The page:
Rachel Cohen

Giacometti Difficult Hand-Writing

Giacometti Difficult HandWriting

Alberto Giacometti, Portrait of David Sylvester, 1960. Harvard Art Museums. Photos Rachel Cohen.

Writing of Tara Geer’s work yesterday put me in mind of Giacometti, whose line in drawings and in paintings also has a quality of being written.

This is from the Geer of yesterday:

Giacometti's hand:

He, too, is calligraphic:

These details are from a Giacometti that I spent a fair amount of time with at the Harvard Art Museums, a portrait of the art critic David Sylvester.

I wrote an entry about the portrait for this notebook in 2014, about the way the figure seems to coalesce from the background. I said this felt deeply humane.

I still have my photo of the wall text for the picture, and, when I go back to look at it, the voice of the museum announces that this portrait, painted in 1960, is a recognition of peoples’ “unspeakable brutality,” and that the face is like a “death’s head or skull.” In the classes I teach on writing about art, we often debate the different styles of wall texts in museums, and I would probably class this one as intrusively over-written. But, anyway, it’s interesting that I didn't remember anything of that language or what must then have been my resistance to it. Nor, I find, had I really remembered the particulars of the painting.

The impression I held in mind was of a lot of white gouache about the head, and of the head and its expression as gentle and something I could get close to. Looking at my photographs, I am surprised by how large the widespread legs are, by how much black is the structure of the hands and legs, by the recessed quality of the head, and, perhaps most of all, by the very beautiful luminous beige that is the atmosphere.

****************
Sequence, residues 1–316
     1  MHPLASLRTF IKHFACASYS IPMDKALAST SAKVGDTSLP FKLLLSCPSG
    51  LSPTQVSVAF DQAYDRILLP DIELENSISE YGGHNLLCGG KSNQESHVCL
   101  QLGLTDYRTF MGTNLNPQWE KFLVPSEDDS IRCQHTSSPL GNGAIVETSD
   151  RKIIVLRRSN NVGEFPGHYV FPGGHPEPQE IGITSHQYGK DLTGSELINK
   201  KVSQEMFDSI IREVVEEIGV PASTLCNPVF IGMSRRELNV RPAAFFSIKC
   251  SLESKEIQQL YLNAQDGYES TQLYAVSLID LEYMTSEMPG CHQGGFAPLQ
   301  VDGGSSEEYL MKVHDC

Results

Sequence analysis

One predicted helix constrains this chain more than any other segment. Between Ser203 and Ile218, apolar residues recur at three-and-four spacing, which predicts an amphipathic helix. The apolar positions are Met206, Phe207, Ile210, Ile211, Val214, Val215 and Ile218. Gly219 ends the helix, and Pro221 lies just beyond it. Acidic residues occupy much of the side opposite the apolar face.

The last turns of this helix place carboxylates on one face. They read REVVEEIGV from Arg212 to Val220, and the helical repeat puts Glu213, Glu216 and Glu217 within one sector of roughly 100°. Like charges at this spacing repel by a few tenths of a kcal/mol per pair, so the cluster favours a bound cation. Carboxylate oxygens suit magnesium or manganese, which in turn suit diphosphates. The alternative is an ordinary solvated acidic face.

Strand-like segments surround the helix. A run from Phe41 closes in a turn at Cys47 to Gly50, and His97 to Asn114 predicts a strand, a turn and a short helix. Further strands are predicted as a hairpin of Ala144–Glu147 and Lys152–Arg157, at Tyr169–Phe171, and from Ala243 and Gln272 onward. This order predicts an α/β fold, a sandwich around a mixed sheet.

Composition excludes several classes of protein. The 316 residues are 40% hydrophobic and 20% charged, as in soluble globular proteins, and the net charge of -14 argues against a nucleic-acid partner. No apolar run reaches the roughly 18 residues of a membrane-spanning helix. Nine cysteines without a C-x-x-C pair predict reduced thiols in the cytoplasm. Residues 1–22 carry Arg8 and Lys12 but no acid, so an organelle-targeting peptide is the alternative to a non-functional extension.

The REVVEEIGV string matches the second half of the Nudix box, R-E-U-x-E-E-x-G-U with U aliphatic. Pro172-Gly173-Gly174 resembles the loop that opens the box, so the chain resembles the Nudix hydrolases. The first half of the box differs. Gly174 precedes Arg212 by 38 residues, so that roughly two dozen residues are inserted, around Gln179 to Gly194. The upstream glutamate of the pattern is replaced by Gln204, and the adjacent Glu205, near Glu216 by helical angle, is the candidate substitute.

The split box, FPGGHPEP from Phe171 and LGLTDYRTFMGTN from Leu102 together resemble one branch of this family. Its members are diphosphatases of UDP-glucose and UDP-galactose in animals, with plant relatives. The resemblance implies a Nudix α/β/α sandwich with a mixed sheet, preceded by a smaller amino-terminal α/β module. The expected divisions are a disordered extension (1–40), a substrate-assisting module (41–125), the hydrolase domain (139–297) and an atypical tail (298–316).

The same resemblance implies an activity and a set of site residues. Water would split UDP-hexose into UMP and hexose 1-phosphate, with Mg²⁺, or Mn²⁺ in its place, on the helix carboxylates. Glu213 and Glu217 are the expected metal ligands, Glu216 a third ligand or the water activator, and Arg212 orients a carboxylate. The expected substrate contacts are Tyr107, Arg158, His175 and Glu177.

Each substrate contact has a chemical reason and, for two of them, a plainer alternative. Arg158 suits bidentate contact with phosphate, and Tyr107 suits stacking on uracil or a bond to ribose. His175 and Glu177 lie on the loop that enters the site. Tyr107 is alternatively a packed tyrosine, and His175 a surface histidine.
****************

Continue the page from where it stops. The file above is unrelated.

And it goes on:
Despite having blurred all this, I can still get back the feeling of coming to rest before this painting, which is large, and rises well above my head so that I can square my shoulders and look up at it.

The feeling, which is a very specific relief to me, is that it has all been written. By a person who was here before and painted this.

Degas Portrait Trio

Degas Portrait Trio

Three portraits by Degas, Museum of Fine Arts, Boston

At the MFA right now, a trio of Degas portraits are not to be missed.  They can be stumbled upon in a narrow blue-green corridor on the second floor, next to the sealed off construction zone that is normally Impressionism.  It is as if three of the finest musicians – one at the beginning of his career, one at the end – happened to all be passing through a town on the same night and to have the idea of playing some chamber music – and you happened to be staying at the hotel and to walk by the room they’d found for their rehearsal.    

One of the portraits actually is of musicians – of a guitarist and of Degas’ father, listening.  

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Then in the middle hangs the famous double portrait of Degas’ sister and her to my mind supercilious husband.